HARARE – Zimbabwe’s currency reform which resulted in the conversion of bond notes and all electronic money into a currency called the RTGS dollar, will mitigate the current economic woes, characterised by acute shortages of foreign currency and inflationary pressures, the International Monetary Fund (IMF) has said.
Last month, the central bank established an Interbank Foreign Currency Exchange meant to formalise forex exchange among banks and the Bureau de Changes. Government then pegged the RTGS dollar at 1:2.5 during the debutant floating of the local currency. The RTGS dollar is now part of the multi-currency basket in the southern African nation.
Responding to questions on Zimbabwe during a media briefing yesterday, IMF Communications Director Gerry Rice said little progress has been made towards addressing the fundamentals.
“And our initial evaluation of that which has been announced by the Zimbabwean authorities recently is that it’s a step in the right direction to address distortions that have significantly impaired those macroeconomic outcomes that I’ve mentioned,” he said.
Today, banks are trading the RGTS at 2.51 to the U.S. dollar. On the black market, one US dollar still costs around 3.5 bond notes and at least $4 in electronic funds.
“Of course, the currency reforms’ success will depend on the implementation of an effective overall monetary policy framework supported by market-determined interest and exchange rates, together with prudent fiscal policies.”
Rice admitted that the southern African nation is still facing a major set of challenges.
“The IMF is trying to help. We’re engaged with them on how we can help them as much as possible,” he said.
The country is still finding ways to clear $2 billion worth of arrears to lenders such as the African Development Bank (AfDB) and the World Bank (WB). However, Rice said the discussions are still ongoing so that the country can be revived economically.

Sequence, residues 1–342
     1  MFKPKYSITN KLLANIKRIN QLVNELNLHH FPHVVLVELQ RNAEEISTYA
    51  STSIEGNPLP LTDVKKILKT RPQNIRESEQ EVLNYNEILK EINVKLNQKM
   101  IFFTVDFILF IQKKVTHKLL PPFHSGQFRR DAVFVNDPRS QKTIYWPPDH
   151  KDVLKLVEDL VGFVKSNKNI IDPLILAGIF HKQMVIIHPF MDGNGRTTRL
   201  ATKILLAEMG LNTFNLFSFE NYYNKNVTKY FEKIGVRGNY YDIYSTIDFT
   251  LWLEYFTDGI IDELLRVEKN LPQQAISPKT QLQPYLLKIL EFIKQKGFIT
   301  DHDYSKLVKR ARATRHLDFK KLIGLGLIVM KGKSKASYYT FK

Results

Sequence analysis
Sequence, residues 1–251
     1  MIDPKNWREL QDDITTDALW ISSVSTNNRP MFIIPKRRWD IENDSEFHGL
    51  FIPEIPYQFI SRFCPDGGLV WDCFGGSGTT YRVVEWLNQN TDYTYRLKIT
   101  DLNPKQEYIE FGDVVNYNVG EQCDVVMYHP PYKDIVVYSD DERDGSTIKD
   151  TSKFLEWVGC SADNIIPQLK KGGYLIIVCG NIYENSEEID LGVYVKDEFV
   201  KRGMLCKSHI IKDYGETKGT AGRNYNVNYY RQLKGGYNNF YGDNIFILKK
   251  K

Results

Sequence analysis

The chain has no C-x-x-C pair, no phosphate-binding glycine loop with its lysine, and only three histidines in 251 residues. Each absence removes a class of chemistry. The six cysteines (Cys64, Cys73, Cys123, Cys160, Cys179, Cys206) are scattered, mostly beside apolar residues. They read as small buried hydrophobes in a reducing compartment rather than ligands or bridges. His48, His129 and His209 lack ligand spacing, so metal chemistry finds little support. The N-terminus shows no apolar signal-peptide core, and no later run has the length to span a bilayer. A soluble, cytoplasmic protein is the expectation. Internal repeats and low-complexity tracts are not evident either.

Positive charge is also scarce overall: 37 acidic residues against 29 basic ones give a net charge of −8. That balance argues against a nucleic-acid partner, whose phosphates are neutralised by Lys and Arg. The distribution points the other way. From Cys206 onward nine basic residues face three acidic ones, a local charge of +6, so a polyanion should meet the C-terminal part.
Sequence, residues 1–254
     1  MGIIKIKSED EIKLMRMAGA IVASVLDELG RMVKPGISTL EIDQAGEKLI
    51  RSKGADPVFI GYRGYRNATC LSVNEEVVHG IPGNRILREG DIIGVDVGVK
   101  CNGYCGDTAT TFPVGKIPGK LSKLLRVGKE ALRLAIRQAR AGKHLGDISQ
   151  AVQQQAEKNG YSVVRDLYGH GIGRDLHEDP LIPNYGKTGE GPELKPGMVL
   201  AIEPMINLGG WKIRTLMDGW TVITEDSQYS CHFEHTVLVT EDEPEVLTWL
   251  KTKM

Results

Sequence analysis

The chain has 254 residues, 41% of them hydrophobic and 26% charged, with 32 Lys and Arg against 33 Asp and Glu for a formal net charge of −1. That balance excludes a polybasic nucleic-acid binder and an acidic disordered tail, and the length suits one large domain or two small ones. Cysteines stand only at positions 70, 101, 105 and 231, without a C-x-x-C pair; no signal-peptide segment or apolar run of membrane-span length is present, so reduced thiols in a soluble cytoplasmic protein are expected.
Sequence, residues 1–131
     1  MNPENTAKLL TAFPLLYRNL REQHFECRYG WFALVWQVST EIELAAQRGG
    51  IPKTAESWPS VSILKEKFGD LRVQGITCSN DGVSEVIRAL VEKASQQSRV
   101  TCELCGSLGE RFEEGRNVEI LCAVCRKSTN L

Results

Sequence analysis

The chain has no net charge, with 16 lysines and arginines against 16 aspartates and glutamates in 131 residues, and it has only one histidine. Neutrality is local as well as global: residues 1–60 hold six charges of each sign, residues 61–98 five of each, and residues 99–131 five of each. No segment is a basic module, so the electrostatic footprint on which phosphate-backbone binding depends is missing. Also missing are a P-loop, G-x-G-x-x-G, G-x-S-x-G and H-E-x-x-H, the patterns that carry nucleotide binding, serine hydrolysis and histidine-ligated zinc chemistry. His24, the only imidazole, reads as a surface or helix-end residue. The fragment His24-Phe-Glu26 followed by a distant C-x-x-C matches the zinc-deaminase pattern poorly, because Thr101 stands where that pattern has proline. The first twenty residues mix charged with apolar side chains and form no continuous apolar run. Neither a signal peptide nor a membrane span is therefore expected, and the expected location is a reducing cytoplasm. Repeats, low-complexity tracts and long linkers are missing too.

“As you know …well, maybe people don’t know…but the Fund does not have a financing program with Zimbabwe, though we continue to have discussions with the authorities to assist them in implementing the reforms contained in their Transitional Stabilization Program (TSP),” he said.
Recently, Finance Minister Mthuli Ncube met with the Bretton Woods Institution’s managing director of Christine Lagarde on the economic developments and the reforms made so far, in a bid to secure a funding to clear the southern African country’s debts.
“…is a wide ranging stabilization and reform program aimed at addressing what is clearly a deep macroeconomic imbalance challenge as well as a broader set of social and economic challenges”
Rice added that the country still needs to clear its arrears to other international financial institutions and financing assurances from bilateral predators and agreement on policies.
“So there’s no financing program with the IMF, but we’re looking to be supportive as we can, and so stay tuned for further developments.”
Previously the IMF warned the government to come up with sound footing policies that are meant to curb the current economic woes. IMF projected that the country’s Gross Domestic Product (GDP) will grow by 3.6% in 2019 while consumer price seen at 3.9%.